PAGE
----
Who could replace D.C. Public Schools Chancellor Michelle Rhee

(Photo: Jay Westcott)

D.C. Public Schools Chancellor Michelle Rhee sent an email to school employees this week that sounded something like a farewell address. 


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Who could replace D.C. Public Schools Chancellor Michelle Rhee?


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"It has been my honor to work as urgently and successfully as we have for DC’s students under Mayor Fenty. Without his leadership, we would never have been able to achieve as much as we have for this city," she wrote. "There are 45,000 children depending on our ability to do what we do well every day. I know you won’t let them down."

Those don't sound like the words of someone planning to stick around. So the District is likely to be in search of a new leader for its woeful public school system. Again.

The gig might be made easier because Rhee did a lot of dirty work and would leave the spoils for her successor. But Vince Gray, who toppled Fenty in Tuesday's Democratic primary largely due to the way Fenty and Rhee handled school reform, would likely be looking for certain qualities in a new schools leader. The ideal candidate:

• Supports comprehensive education reform and mayoral control of the school system.
• Works well with others.
• Risk taker.
• Open to community input.
• Can mesh with Gray, who as a candidate in the primary earned the backing of noted Rhee foe, the Washington Teachers Union.

Gray could go in a few different directions as he looks to find D.C. Public Schools' Next Great Hope. A brief survey of the landscape reveals some possible candidates:

The rising star
Jean-Claude Brizard, superintendent of schools for the Rochester (N.Y.) City School District

Brizard is a fan of Michelle Rhee. He thinks she’s done an admirable job here in the District, and has used her work as an example of school reform in his post as superintendent of the Rochester (N.Y.) schools.

“Some may disagree with her approach and at times her demeanor, but what she’s done is good work for D.C. schools,” he says.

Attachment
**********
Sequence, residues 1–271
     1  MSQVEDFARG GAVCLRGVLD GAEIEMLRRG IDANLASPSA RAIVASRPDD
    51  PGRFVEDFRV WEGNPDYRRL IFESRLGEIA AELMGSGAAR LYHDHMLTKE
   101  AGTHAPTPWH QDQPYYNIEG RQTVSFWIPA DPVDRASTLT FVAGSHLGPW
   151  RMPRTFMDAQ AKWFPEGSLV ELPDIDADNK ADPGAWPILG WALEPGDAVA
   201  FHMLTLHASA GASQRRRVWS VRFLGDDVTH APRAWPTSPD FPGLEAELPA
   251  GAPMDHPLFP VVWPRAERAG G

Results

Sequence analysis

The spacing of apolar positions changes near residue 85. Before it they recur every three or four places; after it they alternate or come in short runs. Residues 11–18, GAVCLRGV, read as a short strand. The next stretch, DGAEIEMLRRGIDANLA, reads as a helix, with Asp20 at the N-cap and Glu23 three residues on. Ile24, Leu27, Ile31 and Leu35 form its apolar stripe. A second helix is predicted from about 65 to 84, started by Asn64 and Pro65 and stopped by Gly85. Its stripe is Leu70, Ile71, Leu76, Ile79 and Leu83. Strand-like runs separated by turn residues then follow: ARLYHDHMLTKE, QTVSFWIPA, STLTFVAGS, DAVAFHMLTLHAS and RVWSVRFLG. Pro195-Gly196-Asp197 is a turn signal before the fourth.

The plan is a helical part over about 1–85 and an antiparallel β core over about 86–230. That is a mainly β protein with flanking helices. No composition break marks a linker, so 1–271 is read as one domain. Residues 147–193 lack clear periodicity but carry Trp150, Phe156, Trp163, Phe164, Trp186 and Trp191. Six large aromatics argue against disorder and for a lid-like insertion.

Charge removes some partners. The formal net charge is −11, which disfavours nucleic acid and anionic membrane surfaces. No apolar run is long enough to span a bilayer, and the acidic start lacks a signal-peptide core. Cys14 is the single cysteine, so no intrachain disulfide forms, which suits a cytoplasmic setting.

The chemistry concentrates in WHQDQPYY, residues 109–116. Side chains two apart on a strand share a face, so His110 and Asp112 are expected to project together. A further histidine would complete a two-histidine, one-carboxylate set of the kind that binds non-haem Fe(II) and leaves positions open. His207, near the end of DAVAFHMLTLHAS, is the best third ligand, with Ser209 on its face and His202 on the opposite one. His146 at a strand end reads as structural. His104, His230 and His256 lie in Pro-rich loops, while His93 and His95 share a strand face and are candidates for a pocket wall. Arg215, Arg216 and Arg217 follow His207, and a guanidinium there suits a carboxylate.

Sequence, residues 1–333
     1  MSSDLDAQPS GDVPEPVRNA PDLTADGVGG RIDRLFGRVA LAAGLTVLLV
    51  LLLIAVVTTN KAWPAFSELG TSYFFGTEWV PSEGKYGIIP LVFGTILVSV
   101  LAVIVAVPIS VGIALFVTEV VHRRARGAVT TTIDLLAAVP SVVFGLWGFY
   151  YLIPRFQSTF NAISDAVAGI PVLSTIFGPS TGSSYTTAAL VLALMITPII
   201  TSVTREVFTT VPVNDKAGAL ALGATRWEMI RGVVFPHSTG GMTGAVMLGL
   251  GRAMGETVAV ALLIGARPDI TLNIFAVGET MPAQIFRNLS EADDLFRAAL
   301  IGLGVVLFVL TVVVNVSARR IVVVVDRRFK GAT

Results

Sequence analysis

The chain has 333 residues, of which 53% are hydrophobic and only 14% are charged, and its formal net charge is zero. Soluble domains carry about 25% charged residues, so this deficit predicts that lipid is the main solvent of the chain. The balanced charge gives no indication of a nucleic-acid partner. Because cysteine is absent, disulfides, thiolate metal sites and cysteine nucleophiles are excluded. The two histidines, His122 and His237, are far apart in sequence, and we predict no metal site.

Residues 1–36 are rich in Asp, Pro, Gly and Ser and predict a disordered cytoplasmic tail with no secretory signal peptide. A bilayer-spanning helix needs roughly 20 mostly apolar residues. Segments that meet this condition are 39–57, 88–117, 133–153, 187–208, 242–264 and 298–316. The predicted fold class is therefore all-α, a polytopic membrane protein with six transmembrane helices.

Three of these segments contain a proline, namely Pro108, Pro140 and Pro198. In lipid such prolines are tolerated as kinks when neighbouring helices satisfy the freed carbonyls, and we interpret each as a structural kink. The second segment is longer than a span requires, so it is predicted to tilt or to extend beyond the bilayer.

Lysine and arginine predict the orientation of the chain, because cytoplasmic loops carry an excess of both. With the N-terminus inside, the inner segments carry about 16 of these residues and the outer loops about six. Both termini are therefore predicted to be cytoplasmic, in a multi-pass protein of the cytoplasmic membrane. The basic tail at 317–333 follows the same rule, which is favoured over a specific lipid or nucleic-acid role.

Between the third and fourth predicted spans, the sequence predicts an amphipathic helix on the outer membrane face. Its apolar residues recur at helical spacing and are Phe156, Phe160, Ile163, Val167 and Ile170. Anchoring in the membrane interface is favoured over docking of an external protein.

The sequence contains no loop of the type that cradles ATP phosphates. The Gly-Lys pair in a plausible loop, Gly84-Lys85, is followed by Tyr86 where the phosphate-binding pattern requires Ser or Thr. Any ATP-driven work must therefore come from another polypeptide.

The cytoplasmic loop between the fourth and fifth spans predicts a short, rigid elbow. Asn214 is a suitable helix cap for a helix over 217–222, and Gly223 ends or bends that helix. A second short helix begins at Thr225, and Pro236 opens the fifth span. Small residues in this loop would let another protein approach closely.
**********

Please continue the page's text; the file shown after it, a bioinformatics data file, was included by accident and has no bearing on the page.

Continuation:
Brizard, a Haitian native, went to Rochester in January 2008, after a stint with the New York City Department of Education. As a regional superintendent, he oversaw more than 100 schools in the city.

Brizard has shuttered under-performing schools in Rochester and wants to tie teacher pay to their pupils’ performance. He says he’s happy in Rochester, where mayoral control of the schools is being considered, and said he’s looking forward to seeing his work take hold — but he stopped short of committing to staying at his post.

“I’ve learned in life never to say never,” Brizard says. “Because you never know where life takes you.”

The veteran
Rudy Crew, former superintendent of Miami-Dade County Public Schools

Rudy Crew interviewed for the top job at D.C. Public Schools in 2004 with then-Mayor Anthony Williams  and was Williams’ first choice, but opted for South Florida instead. Crew, the former head of New York City schools, was named the National Superintendent of the Year in 2008.

Crew left Miami-Dade in 2008 amid squabbles with the school board and budget concerns. Florida schools took a hit during his tenure when the state legislature cut education funding. A hefty chunk of that money was lost in Miami-Dade, one of the largest school districts in the nation.

It should also be noted that Crew would come to D.C. with some baggage from his stint in Miami. He was running the show in Miami-Dade schools during a sex scandal of Miami Northwestern Senior High School.

At Northwestern, a football powerhouse, a star running back was arrested on charges that stemmed from a sexual encounter with a 14-year-old. He was allowed to play in the state title game. Crew was later forced to conduct an investigation, which (as one might expect) did not end well for the school or District.

Crew has not yet returned a telephone message left by TBD on Wednesday afternoon.

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